Cardiff Blues acted swiftly and decisively on Monday, sacking the twice Grand Slam-winning Welshman after his drink-fuelled escapades on the FlyBe flight from Glasgow.
The airline was equally unimpressed and banned the 30-year-old centre from flying with them for six months, citing their "zero tolerance attitude to unruly behaviour on board our aircraft".
Henson might have hoped an emphatic public apology would have spared him the axe, but there would appear to be little goodwill left in the bank for a player who has endured inglorious exits from his last three clubs -- Saracens, Toulon and now Cardiff.
The player said on Sunday he was "truly embarrassed" about his behaviour on the flight, on which he had "stupidly carried on drinking" and that he had let his team, sponsors and family down.
"I am prepared to co-operate 100 percent with the Cardiff Blues wishes and will do everything that I need to do in order to make amends... I remain fully focused and committed to Cardiff Blues and I hope they can accept my apology." he said in a public apology.
The candid climb down proved insufficient, however, and Blues management felt unable to retain the international.
"Gavin admitted himself that his behaviour was totally unacceptable," Blues CEO Richard Holland said in a club statement after terminating Henson's contract.
"We have a duty to our supporters and sponsors to protect the good name of Cardiff Blues... Gavin Henson is obviously a talented rugby player and it's unfortunate that his career at the Blues has ended this way."
Unfortunate, but perhaps not entirely unexpected.
A tabloid constant during his relationship with former partner, singer Charlotte Church, Henson's focus has drifted from rugby to show business in recent years.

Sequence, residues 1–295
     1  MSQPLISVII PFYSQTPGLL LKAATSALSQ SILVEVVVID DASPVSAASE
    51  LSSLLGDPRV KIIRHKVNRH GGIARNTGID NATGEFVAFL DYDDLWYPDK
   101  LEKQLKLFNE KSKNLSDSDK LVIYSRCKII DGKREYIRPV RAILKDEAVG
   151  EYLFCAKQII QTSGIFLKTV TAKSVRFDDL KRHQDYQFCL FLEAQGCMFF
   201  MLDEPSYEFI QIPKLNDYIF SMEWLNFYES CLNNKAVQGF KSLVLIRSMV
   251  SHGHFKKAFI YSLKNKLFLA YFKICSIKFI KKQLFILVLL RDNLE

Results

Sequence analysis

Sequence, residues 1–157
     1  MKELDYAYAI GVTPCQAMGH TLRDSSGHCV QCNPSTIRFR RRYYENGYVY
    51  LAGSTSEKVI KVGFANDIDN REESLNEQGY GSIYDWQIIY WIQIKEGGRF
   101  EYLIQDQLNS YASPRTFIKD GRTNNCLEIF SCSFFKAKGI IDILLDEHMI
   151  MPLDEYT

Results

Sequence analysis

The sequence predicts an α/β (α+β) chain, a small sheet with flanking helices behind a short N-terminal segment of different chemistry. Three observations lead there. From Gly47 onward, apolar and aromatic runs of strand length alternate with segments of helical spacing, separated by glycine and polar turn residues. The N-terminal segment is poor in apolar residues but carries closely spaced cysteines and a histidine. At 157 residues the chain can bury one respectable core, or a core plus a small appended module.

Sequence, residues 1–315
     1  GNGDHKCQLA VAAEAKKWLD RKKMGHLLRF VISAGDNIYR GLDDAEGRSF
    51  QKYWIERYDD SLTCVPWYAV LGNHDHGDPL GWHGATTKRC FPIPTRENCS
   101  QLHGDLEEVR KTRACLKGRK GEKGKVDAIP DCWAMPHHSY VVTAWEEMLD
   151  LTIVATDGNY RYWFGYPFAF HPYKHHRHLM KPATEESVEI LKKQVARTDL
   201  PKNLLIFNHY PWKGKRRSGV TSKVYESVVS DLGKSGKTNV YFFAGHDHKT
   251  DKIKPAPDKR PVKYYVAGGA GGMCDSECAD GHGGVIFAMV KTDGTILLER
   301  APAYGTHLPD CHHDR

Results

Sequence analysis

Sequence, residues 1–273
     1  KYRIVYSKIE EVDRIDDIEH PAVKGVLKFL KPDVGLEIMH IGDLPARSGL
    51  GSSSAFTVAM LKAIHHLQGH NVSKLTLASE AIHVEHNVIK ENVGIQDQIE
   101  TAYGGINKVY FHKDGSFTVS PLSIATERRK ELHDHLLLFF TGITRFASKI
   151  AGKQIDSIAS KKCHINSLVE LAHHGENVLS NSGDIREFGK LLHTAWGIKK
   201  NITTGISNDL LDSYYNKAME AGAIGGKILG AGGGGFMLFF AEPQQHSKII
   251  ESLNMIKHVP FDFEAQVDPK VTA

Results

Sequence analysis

He starred in a reality ballroom dancing show in Britain and last year 25 women battled it out in a reality show to win the heart of Henson "The Bachelor".
There remains, however, some sympathy for the former Young Player of the Year in rugby circles. Henson's former coach at Ospreys Lyn Jones said Blues management should be held to account over the events that led to Henson's sacking.
"Henson's not innocent -- he's made a mistake, like every other player," Jones told the BBC. "For Gavin to be hung out to dry like this is inexcusable."
Former Wales fly-half Jonathan Davies was more candid in his appraisal.
"The first thing is it's very sad, because Cardiff Blues gave (Henson) an opportunity and he's kind of messed it up again. He did have a lot to offer, but there's only one person to blame and sadly, that's Gavin himself and I'm sure he'll be bitterly disappointed when he looks back on his career."
Henson's in-flight drinking may have proved to be the final straw for a player who has used up second chances in the past. Still, though, he can feel aggrieved at the severity of the punishment, particularly in a fortnight where Northampton Saints flanker Calum Clark was hit with a 32-week penalty for breaking an opponents' arm and England hooker Dylan Hartley was banned for eight weeks for biting.
Some observers have suggested financial considerations may have played a part in the sacking and that it may have been an opportunity to offload Henson and his salary at a time when money is tight in Welsh rugby.
Wales's four regions have agreed to operate a £3.5 million salary cap for next season, to help combat wage inflation at a time of falling attendances.
The cap is less than the £4.2m imposed on English top flight clubs and a little more than half the 8 million euros that Top 14 clubs in France operate under.
While a number of questions remain over the sacking of Henson, the most prominent for the player himself is 'where next' for someone who promised so much, but largely failed to deliver.
"I think he can still play rugby but it's down to clubs if they want to gamble on him," former Welsh international Tom Shanklin said.
"But he is a big name who puts bums on seats."